Researchers at the University of California, San Francisco, and collaborators at Harvard Medical School have linked a specialized protein in human muscles to the process that clears glucose out of the bloodstream, shedding light on what goes wrong in type 2 diabetes on a cellular level.
Establishing the function of this protein, which significantly is not present in mice, has broad implications for both the future study and possible therapies for diabetes, according to an article published in the May 29, 2009 issue of the journal "Science."
While a significant amount of research into diabetes and many other diseases is conducted in mice, the often-unknown differences between mice and men can create obstacles to direct translation of such research and need to be taken into account in understanding the progression of human disease, according to the researchers.
"Much has been learned from mouse models about glucose metabolism that is relevant to human diabetes, but what happens on a cellular level is now found to be different between the two species," said Frances Brodsky, DPhil, senior author on the paper and a UCSF professor in the Departments of Bioengineering and Therapeutic Sciences, Pharmaceutical Chemistry, and Microbiology and Immunology. "This research shows one significant species-specific difference that will influence our understanding of mechanisms of type 2 diabetes."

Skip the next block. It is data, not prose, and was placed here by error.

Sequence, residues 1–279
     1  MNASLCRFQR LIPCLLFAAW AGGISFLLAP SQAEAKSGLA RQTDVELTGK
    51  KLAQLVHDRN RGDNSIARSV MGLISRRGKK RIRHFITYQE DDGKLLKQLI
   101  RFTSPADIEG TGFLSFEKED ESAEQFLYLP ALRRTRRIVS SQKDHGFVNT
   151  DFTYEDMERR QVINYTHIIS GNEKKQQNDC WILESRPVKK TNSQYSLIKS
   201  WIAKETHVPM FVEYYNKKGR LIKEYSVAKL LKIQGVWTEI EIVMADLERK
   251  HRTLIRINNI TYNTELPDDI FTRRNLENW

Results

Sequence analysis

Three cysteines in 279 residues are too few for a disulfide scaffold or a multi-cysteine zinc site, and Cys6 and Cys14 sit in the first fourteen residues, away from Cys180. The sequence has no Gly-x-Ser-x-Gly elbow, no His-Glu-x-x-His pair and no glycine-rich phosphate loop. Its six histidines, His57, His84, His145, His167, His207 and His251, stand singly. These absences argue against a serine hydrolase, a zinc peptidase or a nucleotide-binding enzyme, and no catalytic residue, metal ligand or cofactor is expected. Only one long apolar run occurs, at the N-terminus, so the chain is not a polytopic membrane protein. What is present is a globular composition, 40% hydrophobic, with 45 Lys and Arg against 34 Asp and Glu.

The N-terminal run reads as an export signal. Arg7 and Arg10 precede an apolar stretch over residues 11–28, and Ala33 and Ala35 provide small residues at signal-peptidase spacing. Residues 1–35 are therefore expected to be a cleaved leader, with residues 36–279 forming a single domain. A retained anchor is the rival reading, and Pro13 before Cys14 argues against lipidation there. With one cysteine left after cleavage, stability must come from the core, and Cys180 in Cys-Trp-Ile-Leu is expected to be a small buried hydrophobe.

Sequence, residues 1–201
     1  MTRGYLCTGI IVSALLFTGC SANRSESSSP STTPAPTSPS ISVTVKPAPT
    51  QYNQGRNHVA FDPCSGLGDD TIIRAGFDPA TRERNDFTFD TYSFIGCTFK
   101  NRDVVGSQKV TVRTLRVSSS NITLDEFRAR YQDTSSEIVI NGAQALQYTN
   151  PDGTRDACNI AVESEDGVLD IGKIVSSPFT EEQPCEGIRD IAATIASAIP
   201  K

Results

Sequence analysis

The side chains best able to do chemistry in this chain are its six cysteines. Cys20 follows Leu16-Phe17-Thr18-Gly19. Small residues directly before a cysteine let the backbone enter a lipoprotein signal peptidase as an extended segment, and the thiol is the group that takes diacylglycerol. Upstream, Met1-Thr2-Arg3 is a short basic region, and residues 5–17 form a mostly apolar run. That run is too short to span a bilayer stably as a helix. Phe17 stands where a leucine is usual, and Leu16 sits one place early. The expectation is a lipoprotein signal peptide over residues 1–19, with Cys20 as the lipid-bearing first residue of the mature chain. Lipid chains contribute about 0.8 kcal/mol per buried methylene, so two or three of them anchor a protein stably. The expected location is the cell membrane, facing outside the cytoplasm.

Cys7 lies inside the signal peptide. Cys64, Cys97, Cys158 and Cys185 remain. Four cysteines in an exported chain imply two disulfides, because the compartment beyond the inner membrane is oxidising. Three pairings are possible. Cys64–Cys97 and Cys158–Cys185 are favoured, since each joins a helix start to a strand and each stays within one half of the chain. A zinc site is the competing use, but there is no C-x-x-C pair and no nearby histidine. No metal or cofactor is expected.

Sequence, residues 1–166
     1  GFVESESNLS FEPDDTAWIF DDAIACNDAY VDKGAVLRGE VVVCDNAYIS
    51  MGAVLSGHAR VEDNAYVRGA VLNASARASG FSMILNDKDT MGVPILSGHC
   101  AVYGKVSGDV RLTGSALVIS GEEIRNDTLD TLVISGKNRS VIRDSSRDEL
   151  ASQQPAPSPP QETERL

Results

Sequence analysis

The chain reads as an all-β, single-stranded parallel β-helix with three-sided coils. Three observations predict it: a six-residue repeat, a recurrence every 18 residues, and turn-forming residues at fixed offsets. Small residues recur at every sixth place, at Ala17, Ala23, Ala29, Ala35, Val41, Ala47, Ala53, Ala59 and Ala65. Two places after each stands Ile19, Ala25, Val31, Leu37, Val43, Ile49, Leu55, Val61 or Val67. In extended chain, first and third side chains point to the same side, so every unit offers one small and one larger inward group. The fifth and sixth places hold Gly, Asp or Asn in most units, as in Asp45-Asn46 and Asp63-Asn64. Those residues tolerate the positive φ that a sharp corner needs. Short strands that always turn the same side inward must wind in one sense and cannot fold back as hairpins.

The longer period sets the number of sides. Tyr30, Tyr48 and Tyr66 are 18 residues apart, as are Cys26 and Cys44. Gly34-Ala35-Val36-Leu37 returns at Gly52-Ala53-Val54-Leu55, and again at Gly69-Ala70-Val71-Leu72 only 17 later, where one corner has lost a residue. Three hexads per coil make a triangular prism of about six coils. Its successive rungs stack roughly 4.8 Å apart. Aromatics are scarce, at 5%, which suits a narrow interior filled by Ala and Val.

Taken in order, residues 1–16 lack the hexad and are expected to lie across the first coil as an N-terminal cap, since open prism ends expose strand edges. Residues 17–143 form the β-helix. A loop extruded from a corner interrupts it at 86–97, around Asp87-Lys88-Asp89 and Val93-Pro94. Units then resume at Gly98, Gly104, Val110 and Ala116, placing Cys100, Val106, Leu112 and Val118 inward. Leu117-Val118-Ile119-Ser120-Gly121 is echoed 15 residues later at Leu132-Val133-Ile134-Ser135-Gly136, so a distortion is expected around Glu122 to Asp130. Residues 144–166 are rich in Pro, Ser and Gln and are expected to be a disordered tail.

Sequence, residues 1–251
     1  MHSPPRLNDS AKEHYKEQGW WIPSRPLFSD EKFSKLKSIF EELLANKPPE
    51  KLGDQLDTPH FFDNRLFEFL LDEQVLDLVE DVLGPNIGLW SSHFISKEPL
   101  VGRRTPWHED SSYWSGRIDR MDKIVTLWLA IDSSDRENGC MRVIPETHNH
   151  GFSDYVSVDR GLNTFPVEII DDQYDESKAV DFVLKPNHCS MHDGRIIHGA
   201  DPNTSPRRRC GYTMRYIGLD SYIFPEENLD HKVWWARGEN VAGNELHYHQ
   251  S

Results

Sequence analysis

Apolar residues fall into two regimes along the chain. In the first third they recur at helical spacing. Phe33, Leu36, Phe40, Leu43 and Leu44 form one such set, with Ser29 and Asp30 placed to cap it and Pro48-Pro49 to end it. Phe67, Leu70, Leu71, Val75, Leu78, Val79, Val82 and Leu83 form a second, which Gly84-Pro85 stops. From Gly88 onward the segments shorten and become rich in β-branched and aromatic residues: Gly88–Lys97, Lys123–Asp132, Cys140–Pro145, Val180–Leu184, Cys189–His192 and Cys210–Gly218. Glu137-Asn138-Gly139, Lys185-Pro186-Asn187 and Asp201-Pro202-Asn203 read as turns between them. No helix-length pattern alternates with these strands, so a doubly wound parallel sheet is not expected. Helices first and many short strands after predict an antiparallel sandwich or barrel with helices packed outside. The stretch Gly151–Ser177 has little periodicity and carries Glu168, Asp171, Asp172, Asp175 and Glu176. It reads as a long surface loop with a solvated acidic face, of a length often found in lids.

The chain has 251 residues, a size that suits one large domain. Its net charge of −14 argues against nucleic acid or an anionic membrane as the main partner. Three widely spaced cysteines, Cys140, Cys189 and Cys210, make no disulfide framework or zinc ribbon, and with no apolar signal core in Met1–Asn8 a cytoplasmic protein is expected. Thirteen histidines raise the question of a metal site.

In humans, muscles play a key role in clearing glucose from the bloodstream, Brodsky explained. In normal function, this is controlled by insulin, which stimulates the muscle cells to import glucose by means of a system known as the GLUT4 glucose transporter.
Normally, she said, GLUT4 is stored inside both human and mouse muscles in a special compartment that releases it upon insulin stimulation. Fat cells also form a GLUT4 compartment and take up glucose in response to insulin. In type 2 diabetes, however, the muscle and fat cel
|Contact: Kristen Bole|
University of California - San Francisco